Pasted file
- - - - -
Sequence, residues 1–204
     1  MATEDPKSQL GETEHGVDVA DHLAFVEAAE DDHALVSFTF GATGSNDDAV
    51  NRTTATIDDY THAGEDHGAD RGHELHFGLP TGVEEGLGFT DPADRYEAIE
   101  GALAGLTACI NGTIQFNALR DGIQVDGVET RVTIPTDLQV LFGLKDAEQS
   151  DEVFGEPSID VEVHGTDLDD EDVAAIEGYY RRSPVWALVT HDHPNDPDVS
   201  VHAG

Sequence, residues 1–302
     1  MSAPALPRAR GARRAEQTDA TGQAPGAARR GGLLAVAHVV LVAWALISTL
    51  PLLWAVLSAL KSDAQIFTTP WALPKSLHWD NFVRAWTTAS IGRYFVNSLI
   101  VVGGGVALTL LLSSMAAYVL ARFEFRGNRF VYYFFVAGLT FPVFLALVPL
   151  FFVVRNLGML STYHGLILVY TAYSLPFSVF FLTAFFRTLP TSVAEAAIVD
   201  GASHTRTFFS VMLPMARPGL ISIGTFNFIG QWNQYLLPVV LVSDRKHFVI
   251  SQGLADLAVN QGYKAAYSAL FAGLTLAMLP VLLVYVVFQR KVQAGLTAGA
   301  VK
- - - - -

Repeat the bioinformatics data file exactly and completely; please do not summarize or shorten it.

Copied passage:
Sequence, residues 1–204
     1  MATEDPKSQL GETEHGVDVA DHLAFVEAAE DDHALVSFTF GATGSNDDAV
    51  NRTTATIDDY THAGEDHGAD RGHELHFGLP TGVEEGLGFT DPADRYEAIE
   101  GALAGLTACI NGTIQFNALR DGIQVDGVET RVTIPTDLQV LFGLKDAEQS
   151  DEVFGEPSID VEVHGTDLDD EDVAAIEGYY RRSPVWALVT HDHPNDPDVS
   201  VHAG

Sequence, residues 1–302
     1  MSAPALPRAR GARRAEQTDA TGQAPGAARR GGLLAVAHVV LVAWALISTL
    51  PLLWAVLSAL KSDAQIFTTP WALPKSLHWD NFVRAWTTAS IGRYFVNSLI
   101  VVGGGVALTL LLSSMAAYVL ARFEFRGNRF VYYFFVAGLT FPVFLALVPL
   151  FFVVRNLGML STYHGLILVY TAYSLPFSVF FLTAFFRTLP TSVAEAAIVD
   201  GASHTRTFFS VMLPMARPGL ISIGTFNFIG QWNQYLLPVV LVSDRKHFVI
   251  SQGLADLAVN QGYKAAYSAL FAGLTLAMLP VLLVYVVFQR KVQAGLTAGA
   301  VK